What is Coronary Artery Disease

Arteries that supply blood and oxygen to the heart muscles are called coronary arteries. Coronary artery disease (CAD) occurs when cholesterol plaque (a hard, thick substance comprised of varying amounts of cholesterol, calcium, muscle cells, and connective tissue, which accumulates locally in the artery walls) builds up in the walls of these arteries, a process called arteriosclerosis. Over time, arteriosclerosis causes significant narrowing of one or more coronary arteries. When coronary arteries narrow more than 50% to 70%, the blood supply beyond the plaque becomes inadequate to meet the increased oxygen demand of the heart muscle during exercise. Lack of oxygen (ischemia) in the heart muscle causes chest pain (angina) in most people. However, some 25% of those with significant coronary artery narrowing experience no chest pain at all despite documented ischemia, or may only develop episodic shortness of breath instead of chest pain. These people are said to have “silent angina” and have the same risk of heart attack as those with angina. When arteries are narrowed in excess of 90% to 99%, people often have angina at rest (unstable angina). When a blood clot (thrombus) forms on the plaque, the artery may become completely blocked, causing death of a part of the heart muscles (heart attack, or myocardial infarction).

What are the risk factors for coronary artery disease?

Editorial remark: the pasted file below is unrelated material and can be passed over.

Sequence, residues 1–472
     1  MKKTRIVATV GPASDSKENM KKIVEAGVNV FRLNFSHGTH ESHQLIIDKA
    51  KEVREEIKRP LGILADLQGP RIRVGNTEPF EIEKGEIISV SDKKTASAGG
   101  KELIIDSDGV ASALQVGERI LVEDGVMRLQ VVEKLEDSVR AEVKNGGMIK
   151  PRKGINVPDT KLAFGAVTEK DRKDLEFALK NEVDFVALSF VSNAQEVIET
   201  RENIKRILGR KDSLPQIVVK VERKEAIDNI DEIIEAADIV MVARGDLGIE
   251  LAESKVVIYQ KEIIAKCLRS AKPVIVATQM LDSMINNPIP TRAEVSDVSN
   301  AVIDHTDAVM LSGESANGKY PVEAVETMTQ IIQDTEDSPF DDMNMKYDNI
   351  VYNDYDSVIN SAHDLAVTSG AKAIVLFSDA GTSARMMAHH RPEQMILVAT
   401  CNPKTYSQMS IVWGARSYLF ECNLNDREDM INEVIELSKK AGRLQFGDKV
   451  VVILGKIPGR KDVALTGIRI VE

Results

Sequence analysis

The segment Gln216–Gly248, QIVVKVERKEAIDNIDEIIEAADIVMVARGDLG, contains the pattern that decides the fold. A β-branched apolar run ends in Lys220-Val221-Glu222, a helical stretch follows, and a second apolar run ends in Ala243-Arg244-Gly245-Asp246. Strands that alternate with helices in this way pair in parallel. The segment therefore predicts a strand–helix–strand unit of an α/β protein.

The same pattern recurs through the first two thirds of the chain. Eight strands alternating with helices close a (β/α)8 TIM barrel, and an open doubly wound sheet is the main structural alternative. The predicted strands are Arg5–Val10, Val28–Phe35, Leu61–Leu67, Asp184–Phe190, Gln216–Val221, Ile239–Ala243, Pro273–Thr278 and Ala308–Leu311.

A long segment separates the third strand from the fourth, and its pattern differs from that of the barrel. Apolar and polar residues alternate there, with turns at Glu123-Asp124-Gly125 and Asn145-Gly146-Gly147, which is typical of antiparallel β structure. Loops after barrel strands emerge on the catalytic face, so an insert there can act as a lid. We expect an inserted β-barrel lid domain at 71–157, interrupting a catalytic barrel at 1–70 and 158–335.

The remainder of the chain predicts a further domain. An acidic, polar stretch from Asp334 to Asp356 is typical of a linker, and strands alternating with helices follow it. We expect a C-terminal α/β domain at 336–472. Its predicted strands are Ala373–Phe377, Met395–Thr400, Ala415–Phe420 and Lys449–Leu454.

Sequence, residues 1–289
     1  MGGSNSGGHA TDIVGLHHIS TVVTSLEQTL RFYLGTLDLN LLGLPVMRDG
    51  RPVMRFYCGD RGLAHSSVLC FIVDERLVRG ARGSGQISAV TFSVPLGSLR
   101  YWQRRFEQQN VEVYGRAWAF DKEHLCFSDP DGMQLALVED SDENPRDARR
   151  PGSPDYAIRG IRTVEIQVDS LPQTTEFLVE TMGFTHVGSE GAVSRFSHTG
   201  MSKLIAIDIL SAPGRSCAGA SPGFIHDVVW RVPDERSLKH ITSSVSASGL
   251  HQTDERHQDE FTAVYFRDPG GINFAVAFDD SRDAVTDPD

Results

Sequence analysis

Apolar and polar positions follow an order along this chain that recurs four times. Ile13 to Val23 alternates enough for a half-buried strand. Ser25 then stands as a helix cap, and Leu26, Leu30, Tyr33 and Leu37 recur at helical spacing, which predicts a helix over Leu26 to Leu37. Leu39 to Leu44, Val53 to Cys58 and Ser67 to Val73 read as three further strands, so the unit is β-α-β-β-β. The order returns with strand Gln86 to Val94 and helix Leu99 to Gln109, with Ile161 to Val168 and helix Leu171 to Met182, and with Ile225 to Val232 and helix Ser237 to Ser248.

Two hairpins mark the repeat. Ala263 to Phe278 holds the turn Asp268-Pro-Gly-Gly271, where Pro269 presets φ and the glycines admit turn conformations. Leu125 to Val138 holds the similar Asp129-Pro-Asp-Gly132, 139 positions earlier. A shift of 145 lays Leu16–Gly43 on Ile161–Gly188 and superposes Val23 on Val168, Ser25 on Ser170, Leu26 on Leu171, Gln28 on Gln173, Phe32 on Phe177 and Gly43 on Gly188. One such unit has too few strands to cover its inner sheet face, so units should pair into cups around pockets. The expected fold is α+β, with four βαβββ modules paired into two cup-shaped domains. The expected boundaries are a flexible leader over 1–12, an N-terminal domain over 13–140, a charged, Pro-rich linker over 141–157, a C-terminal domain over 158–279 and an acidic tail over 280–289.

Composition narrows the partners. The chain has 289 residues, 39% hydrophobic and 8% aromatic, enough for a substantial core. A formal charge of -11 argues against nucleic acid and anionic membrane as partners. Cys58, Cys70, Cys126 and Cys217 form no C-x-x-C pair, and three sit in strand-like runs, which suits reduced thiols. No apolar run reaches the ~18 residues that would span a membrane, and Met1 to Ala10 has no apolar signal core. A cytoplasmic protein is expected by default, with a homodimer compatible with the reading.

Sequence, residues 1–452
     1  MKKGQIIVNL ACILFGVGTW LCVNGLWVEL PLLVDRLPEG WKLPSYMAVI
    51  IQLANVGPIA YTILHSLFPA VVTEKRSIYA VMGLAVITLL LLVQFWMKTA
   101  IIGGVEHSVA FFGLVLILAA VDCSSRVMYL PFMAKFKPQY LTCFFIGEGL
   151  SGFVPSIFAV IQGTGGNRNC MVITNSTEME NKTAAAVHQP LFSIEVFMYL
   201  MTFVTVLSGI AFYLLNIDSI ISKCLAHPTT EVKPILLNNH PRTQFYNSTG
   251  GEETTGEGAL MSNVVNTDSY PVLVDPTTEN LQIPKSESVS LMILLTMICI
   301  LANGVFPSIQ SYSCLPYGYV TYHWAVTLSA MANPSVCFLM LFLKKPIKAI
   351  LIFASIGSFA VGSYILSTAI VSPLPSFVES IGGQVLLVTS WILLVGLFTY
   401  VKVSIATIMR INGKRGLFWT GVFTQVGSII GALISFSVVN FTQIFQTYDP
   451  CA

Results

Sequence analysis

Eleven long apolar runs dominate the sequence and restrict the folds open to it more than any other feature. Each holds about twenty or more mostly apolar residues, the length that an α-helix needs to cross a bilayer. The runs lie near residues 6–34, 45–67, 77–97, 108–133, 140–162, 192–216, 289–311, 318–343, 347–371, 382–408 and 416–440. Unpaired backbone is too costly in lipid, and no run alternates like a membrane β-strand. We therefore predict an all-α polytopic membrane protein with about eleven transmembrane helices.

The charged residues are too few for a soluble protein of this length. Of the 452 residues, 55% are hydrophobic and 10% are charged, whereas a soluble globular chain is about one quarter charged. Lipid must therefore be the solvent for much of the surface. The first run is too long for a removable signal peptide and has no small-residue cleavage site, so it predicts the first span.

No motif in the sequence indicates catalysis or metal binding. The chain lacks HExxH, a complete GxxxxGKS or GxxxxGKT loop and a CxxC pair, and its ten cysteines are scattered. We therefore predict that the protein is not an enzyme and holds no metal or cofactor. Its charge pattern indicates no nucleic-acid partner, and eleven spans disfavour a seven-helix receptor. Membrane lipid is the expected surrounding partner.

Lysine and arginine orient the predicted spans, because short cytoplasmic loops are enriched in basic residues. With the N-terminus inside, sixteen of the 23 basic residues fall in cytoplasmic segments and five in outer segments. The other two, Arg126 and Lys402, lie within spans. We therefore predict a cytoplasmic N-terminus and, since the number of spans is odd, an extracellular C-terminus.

Nonmodifiable risk factors (those that cannot be changed) include:

Male gender. Men have a greater risk of heart attack than women do, and men have heart attacks earlier in life than women. However, beginning at Age 70, the risk is equal for men and women.

Advanced age. Coronary artery disease is more likely to occur as you get older, especially after Age 65.

Family history of heart disease. You have an increased risk of developing heart disease if you have a parent with a history of heart disease, especially if they were diagnosed before Age 50. Ask your doctor when it’s appropriate for you to start screenings for heart disease so it can be detected and treated early.

Race. African Americans have more severe high blood pressure than Caucasians and, therefore, have a higher risk of heart disease. The risk of heart disease is also higher among Mexican Americans, American Indians, native Hawaiians and some Asian Americans. This is partly due to higher rates of obesity and diabetes in these populations.

Modifiable risk factors (those you can treat or control) include:

  • Cigarette smoking and exposure to tobacco smoke
  • High blood cholesterol and high triglycerides – especially high LDL (“bad”) cholesterol over 100 mg/dL and low HDL (“good”) cholesterol under 40 mg/dL. Some patients who have existing heart or blood vessel disease, and other patients who have a very high risk, should aim for a LDL level less than 70 mg/dL. Your doctor can provide specific guidelines.
  • High blood pressure (140/90 mmHg or higher)
  • Uncontrolled diabetes (HbA1c >7.0)
  • Physical inactivity
  • Being overweight (body mass index [BMI] 25–29 kg/m2) or being obese (BMI higher than 30 kg/m2)

NOTE: How your weight is distributed is important. Your waist measurement is one way to determine fat distribution. Your waist circumference is the measurement of your waist, just above your navel. The risk of cardiovascular disease increases with a waist measurement of over 35 inches in women and over 40 inches in men.